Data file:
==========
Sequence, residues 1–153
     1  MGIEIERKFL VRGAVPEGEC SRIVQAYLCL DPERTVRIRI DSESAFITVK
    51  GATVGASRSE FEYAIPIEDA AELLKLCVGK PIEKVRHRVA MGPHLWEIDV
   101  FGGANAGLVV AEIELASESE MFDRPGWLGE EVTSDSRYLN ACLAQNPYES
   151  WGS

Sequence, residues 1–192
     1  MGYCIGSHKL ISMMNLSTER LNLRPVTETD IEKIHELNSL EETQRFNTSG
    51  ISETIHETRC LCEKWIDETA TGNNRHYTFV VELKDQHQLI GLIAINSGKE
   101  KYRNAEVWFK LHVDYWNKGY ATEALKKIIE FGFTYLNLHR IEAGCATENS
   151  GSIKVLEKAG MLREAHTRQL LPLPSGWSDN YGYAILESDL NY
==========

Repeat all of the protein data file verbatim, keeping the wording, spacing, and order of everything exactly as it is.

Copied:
Sequence, residues 1–153
     1  MGIEIERKFL VRGAVPEGEC SRIVQAYLCL DPERTVRIRI DSESAFITVK
    51  GATVGASRSE FEYAIPIEDA AELLKLCVGK PIEKVRHRVA MGPHLWEIDV
   101  FGGANAGLVV AEIELASESE MFDRPGWLGE EVTSDSRYLN ACLAQNPYES
   151  WGS

Sequence, residues 1–192
     1  MGYCIGSHKL ISMMNLSTER LNLRPVTETD IEKIHELNSL EETQRFNTSG
    51  ISETIHETRC LCEKWIDETA TGNNRHYTFV VELKDQHQLI GLIAINSGKE
   101  KYRNAEVWFK LHVDYWNKGY ATEALKKIIE FGFTYLNLHR IEAGCATENS
   151  GSIKVLEKAG MLREAHTRQL LPLPSGWSDN YGYAILESDL NY